Reviews

“Spitting in the Wind” at Oceanside Museum of Art

Oceanside, California

Richard Allen Morris, Self Portrait, 1966, acrylic on cardboard, 9" x 6". CHIP MORTON/COURTESY R.B. STEVENSON GALLERY, LA JOLLA, CALIFORNIA/COLLECTION OF THE ARTIST

Richard Allen Morris, Self Portrait, 1966, acrylic on cardboard, 9" x 6".

CHIP MORTON/COURTESY R.B. STEVENSON GALLERY, LA JOLLA, CALIFORNIA/COLLECTION OF THE ARTIST

This exhibition focused on a moment in San Diego art history that is of far more than local interest. Assembled by freelance curator Dave Hampton, it brought together four artists whose careers were closely intertwined during the 1960s. John Baldessari is renowned as a pivotal figure in the rise of Conceptual Art. Richard Allen Morris has enjoyed a well-deserved career surge, particularly in Europe. Robert Matheny and the late Russell Baldwin have never garnered similar attention, but were just as vital to a small but dynamic art scene in San Diego during that era.

United by their questioning of established notions of art, these artists also had in common an affinity for wordplay. Matheny made imaginative use of individual letters, punctuation marks, and numbers, both on paper and in sculptures such as Upside Down Exclamation Point (1969), a sleek, eight-foot-high acrylic column that melds Op, Pop, and Minimalism. A large white canvas by Baldwin from circa 1970 has a small geometric shape in the middle containing the word “HARDEDGE.” His sardonic sensibility remained sharp to the end, as evidenced by the sculpture EGO CAST IN CONCRETE (1977), in which the words of the title are indeed cast in concrete. Morris, whose brilliance is more pictorial than linguistic (we see hints of marvelous paintings to come in Self Portrait, 1966), nonetheless found ways to incorporate words into his compositions, as in the multipart canvas Four Oranges (1963). And Baldessari, represented by wit-infused works such as Painting and Drawing (1966–68) made text—banal prose borrowed from art manuals—into often brilliant, self-referential paintings that propelled him into a larger art-historical arena.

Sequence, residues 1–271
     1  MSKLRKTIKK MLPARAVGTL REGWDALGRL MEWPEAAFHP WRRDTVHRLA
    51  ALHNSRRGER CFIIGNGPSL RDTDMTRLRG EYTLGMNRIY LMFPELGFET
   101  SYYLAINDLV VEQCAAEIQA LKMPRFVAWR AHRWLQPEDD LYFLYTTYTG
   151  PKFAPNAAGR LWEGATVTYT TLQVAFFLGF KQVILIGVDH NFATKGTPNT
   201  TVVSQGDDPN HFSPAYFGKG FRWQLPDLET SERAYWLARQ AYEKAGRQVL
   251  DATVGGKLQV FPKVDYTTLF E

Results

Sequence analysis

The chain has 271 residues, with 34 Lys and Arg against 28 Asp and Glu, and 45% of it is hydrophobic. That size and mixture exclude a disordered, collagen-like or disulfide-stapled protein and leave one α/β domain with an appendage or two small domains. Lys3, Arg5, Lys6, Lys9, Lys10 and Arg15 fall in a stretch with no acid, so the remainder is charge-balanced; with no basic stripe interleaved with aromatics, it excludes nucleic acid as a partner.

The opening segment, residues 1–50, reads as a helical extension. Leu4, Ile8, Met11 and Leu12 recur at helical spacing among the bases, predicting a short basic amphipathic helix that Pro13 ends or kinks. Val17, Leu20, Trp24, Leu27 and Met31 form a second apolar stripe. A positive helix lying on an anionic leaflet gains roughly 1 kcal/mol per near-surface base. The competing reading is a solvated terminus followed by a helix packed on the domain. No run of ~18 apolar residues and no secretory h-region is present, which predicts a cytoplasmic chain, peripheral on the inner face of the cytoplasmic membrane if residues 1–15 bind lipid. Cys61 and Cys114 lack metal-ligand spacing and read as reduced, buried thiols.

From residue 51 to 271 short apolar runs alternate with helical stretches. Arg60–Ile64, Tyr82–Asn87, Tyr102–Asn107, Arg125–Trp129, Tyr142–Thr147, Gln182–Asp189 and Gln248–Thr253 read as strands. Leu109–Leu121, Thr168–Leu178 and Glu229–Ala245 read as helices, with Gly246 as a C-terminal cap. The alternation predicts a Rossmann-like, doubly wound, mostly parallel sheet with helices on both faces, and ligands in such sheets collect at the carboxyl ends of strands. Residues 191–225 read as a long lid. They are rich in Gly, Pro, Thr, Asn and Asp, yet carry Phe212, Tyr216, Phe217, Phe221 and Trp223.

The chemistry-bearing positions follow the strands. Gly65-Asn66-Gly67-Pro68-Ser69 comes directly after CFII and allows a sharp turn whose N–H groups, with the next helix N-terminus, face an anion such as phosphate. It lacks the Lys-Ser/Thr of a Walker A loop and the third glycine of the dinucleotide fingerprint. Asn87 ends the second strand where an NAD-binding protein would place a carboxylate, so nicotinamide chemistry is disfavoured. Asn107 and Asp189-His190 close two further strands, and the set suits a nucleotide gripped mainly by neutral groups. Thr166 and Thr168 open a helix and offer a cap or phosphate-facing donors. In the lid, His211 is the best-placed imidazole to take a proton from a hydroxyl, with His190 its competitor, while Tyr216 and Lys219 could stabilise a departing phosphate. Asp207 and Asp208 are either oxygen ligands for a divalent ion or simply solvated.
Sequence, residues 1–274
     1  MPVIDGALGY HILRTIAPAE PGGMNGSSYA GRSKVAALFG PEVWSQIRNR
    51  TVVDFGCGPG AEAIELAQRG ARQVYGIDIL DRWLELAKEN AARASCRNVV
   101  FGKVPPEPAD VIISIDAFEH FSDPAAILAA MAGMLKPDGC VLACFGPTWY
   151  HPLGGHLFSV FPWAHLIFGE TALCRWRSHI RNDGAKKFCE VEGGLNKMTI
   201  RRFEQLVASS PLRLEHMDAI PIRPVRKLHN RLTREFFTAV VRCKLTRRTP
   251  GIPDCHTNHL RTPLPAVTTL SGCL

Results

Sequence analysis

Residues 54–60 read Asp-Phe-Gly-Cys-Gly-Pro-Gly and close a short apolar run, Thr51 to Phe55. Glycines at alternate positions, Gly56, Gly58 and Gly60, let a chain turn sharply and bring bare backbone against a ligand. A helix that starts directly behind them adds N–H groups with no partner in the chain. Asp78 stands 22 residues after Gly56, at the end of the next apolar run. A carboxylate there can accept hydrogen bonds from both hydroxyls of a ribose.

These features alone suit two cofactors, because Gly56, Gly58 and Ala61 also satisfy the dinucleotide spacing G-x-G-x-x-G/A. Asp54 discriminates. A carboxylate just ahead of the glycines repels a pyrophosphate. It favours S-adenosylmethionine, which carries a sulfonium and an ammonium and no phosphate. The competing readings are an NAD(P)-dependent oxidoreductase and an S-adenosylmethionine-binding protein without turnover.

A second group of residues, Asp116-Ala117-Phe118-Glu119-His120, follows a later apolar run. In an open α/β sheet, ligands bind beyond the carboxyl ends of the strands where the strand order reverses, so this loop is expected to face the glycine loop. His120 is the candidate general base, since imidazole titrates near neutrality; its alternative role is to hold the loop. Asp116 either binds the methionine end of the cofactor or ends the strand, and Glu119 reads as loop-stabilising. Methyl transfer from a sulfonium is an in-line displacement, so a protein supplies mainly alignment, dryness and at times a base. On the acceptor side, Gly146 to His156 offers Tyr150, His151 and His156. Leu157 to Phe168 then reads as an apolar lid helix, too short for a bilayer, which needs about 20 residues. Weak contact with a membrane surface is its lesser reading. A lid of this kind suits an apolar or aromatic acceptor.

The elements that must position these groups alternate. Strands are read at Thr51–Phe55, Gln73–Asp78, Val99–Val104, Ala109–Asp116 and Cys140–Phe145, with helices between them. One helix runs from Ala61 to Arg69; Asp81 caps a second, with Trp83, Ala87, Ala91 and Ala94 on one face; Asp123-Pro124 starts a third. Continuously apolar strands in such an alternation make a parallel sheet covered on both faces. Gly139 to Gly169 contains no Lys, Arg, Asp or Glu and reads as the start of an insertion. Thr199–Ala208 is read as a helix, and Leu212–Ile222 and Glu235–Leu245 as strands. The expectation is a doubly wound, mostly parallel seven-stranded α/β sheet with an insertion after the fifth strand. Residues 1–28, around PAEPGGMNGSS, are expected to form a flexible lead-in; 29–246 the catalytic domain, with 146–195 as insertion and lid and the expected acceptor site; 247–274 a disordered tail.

The title of this show derives from an observation by Baldessari: “A lot of what we did was spitting in the wind.” But, as it turns out, a lot wasn’t.

A version of this story originally appeared in the November 2014 issue of ARTnews on page 120.

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